In 1981, at the height of moral panic over newfangled “video games”, George Foulkes (MP for South Ayrshire at the time, now Baron Foulkes of Cumnock) drafted a Private Members’ Bill — the Control of Space Invaders (and Other Electronic Games) Bill — in an attempt to ban the game for its “addictive properties” and for causing “deviancy”:
Mr. George Foulkes (South Ayrshire): I beg to move, That leave be given to bring in a Bill to empower local authorities to control by licensing and through the grant of planning permission space invaders and other electronic games in all premises to which the public have access with or without payment; and for connected purposes. The Bill seeks to control “space invaders” — of the terrestrial kind — and other electronic games.
He told a horrified Parliament:
That is what is happening to our young people. They play truant, miss meals, and give up other normal activity to play “space invaders”. They become crazed, with eyes glazed, oblivious to everything around them, as they play the machines. It is difficult to appreciate unless one has seen it for oneself. I suggest that right hon. and hon. Members who have not seen it should go incognito to an arcade or café in their own areas and see the effect that it is having on young people.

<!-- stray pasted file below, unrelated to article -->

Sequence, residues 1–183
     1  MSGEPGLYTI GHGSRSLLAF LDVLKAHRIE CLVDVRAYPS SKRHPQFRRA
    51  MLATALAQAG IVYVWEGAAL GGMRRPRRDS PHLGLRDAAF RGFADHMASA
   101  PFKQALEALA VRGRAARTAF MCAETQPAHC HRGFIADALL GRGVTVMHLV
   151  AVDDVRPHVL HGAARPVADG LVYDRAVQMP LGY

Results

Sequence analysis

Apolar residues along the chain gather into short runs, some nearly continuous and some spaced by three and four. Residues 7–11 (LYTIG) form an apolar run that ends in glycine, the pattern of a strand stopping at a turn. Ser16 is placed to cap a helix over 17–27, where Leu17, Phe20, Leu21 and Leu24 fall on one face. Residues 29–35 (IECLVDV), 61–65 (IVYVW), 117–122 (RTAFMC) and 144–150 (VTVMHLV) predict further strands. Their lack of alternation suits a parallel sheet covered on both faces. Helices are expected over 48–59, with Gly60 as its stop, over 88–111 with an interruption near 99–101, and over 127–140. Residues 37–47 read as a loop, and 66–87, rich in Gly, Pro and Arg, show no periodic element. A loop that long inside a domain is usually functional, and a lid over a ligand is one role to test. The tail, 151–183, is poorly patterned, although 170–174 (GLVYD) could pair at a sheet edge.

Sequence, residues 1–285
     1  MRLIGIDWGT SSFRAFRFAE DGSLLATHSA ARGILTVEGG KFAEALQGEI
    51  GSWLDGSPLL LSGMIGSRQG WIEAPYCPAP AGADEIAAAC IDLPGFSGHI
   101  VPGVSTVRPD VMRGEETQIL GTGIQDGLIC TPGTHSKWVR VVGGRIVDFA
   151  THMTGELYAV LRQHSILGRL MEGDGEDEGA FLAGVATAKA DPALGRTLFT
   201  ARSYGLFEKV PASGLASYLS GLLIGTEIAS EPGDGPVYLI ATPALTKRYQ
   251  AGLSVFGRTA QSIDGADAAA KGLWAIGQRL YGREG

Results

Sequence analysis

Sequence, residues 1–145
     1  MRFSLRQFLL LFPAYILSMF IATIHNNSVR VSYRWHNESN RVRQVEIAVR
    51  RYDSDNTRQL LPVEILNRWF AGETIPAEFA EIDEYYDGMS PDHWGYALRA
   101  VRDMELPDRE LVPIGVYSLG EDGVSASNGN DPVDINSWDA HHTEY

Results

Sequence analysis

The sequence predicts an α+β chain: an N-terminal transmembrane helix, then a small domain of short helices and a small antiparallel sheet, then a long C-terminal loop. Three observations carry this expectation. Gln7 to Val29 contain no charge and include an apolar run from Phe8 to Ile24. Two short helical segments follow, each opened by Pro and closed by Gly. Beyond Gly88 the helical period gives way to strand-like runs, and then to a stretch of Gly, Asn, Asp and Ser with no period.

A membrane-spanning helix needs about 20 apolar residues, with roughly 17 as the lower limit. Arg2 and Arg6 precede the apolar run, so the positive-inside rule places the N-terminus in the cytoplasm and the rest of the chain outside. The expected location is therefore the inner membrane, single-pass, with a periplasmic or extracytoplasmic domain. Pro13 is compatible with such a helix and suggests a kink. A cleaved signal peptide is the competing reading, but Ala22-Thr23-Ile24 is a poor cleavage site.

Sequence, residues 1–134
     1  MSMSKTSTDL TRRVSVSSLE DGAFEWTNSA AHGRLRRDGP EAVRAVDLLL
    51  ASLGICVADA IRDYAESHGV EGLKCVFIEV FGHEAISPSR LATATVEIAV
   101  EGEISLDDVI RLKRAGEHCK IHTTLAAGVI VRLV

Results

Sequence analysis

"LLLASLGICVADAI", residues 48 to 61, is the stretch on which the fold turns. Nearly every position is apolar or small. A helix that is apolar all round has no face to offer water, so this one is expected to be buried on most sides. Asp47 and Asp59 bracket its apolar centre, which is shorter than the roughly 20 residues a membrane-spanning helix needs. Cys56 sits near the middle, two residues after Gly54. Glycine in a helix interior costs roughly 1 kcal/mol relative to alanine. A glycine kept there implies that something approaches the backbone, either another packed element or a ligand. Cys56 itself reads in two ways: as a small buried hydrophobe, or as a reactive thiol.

Rounding off with a vision of a dystopian future of games with — gasp — 3D effects:
There is little hope of the craze fading, because the current machines have an interest span of about two years, compared with an average of seven months for most amusement machines. There are second and further generations of more advanced machines to hook the kids if the attraction of the present machines should fade, including one with a three-dimensional effect.
This bill was debated and only narrowly defeated in Parliament by 114 votes to 94 votes.
Mr. Michael Brotherton (Louth): On a point of order, Mr. Speaker. Can you enlighten the House on how it will be possible to deal in future with the sort of trivia that has just wasted 22 minutes of the time of the House?
Mr. Speaker: Order. Nothing said in this House is ever trivial.
Far from being trivial, this is a worrying aspect of how close our Parliament might come to legislating without full scrutiny: check out the powers proposed in the “Great Repeal Bill”, and then come back here to see how important full scrutiny is.